Different Types of Roof Designs

Different Types of Roof DesignIt’s an underrated component of the home, isn’t it? We’re talking about the roof. Sure, we can pine about different styles of floors, different colours of paint for the walls, and spend weeks talking with those closest to us about the different fixtures and furniture that you find once you open your front door. We’re guilty of it too. We find joy in every element of home design, and that includes everything from feng shui to fences, from landscaping to lavatories. And we wouldn’t have it any other way. It’s the best exercise to describe our passion for constructing your dream home, and today, we’re giving some love to the aforementioned underrated element of said design. Yes, visitors of the Australian Heritage Homes blog -–today is roof day.

It’s only non-existent until there are issues with it. When there are issues with your roof, whether they’re due to foundation issues, excess moisture, leaves, other types of weather, or in the worst of scenarios – issues like collapsing, then you would have wished that you would have put a little bit more work and love into your roof. In this spirit, we’ll have a couple of upcoming posts on roofs, but before we can help you understand how to take care of them, we want to kick things off by describing the different styles that you can choose from. Note, these are just a few… more to come:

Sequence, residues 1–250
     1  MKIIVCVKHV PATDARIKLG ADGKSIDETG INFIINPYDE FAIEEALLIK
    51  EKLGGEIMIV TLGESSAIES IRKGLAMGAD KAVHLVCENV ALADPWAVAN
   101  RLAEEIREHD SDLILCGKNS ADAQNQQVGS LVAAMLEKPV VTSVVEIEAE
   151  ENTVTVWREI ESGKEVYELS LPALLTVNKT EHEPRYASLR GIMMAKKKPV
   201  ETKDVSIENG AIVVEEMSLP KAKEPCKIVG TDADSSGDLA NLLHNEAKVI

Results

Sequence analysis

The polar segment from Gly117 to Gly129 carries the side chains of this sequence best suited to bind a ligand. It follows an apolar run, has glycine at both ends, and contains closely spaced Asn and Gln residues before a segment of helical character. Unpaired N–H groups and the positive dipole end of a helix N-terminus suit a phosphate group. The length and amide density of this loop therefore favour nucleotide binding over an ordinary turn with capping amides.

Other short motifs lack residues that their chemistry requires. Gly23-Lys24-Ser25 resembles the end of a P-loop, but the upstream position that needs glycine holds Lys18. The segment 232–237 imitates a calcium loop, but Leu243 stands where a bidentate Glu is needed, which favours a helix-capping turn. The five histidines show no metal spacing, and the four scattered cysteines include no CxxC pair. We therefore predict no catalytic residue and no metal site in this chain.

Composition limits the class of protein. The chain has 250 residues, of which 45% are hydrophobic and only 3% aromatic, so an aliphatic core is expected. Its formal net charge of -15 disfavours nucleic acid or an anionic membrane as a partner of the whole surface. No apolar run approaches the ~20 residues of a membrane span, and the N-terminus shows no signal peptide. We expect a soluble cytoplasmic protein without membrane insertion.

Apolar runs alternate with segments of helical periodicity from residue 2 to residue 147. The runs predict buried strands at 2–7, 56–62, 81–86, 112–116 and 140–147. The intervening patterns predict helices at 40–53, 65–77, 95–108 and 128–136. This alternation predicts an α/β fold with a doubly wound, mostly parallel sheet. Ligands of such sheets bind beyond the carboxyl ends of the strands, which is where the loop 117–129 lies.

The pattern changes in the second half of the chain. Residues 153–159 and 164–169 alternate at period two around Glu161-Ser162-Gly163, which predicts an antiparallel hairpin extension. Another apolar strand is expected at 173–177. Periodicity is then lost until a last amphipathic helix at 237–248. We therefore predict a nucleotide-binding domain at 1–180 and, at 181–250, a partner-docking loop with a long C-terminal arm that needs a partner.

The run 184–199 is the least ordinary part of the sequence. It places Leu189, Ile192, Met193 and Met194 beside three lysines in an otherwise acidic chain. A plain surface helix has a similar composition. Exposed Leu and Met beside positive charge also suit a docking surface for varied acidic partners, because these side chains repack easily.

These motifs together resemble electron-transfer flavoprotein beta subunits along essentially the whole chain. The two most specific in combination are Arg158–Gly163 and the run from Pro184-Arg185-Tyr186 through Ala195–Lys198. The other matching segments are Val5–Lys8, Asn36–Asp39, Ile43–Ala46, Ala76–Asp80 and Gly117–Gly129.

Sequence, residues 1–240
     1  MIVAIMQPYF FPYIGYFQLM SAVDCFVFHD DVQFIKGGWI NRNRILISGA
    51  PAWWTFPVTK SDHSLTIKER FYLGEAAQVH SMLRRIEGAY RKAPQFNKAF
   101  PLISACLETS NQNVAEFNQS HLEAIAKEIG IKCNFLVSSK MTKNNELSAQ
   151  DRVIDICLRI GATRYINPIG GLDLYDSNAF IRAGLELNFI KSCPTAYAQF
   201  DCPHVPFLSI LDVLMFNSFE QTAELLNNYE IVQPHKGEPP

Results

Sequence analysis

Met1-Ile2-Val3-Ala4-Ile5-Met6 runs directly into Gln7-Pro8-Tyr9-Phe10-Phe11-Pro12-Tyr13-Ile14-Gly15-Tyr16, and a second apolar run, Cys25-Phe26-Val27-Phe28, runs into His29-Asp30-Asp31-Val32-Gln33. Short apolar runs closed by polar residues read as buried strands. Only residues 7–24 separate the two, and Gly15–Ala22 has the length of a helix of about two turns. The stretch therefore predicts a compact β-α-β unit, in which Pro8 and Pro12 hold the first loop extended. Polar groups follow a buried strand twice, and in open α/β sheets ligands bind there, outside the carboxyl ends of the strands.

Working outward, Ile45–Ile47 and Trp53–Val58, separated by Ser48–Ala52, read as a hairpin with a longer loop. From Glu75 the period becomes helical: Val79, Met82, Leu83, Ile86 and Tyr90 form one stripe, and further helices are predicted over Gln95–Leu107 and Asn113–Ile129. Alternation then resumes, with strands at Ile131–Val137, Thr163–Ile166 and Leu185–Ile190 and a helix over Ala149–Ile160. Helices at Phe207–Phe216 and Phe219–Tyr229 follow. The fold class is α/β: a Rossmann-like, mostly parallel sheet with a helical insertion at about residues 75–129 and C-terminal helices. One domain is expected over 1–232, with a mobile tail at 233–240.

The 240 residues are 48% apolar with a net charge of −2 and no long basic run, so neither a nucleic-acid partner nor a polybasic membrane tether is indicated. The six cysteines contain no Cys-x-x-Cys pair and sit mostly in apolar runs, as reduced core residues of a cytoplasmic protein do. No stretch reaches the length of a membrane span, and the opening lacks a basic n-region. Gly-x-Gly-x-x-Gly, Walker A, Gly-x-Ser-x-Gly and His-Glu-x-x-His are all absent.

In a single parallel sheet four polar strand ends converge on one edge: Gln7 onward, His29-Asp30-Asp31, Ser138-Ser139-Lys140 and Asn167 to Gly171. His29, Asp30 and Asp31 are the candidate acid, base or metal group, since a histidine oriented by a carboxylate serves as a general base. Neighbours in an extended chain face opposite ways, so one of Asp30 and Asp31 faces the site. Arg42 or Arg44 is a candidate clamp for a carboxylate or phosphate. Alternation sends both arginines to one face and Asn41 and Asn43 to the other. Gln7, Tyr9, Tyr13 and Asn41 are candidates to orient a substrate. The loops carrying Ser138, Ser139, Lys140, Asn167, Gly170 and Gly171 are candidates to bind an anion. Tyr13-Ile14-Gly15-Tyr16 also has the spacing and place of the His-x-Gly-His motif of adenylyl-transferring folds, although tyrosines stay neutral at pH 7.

Flat Roof

We’re not making any euphemisms here, a flat roof is exactly what it sounds like. Sources share that flat roofs are an ancient form of roof that is generally used in arid climates. They allow the roof space to be used as a living space or a living roof. Commercial buildings are also big fans of this style.

Butterfly Roof

Picture a butterfly’s wings and that’s exactly what this roof shape looks like. It can also be called a V roof and as far as design goes, it’s pretty simple. Two roof surfaces slope down, so that there is a literal valley in the middle. They’re very popular in mid-century architecture, as well as the terraced house architectures of the Georgian and Victorian periods. In fact, they were so popular, that some experts call them “London” roofs.

Gable Roof

We figured that we’d culminate today’s post with one of the most classic examples around. A gable roof is commonly seen all over the world, especially in cooler climates. The roof ridge is formed when the two roof sections are sloped in opposite direction and meet at the highest, horizontal edge. A couple of other key words that you need to know here? Rafters, roof trusses and purlins. Read up on them and you’ll be set up for success.

Like we said, there’s plenty more where this information came from. All you need to do is reach out to our team. We’re awash with all of the information that you could possibly need about your dream home.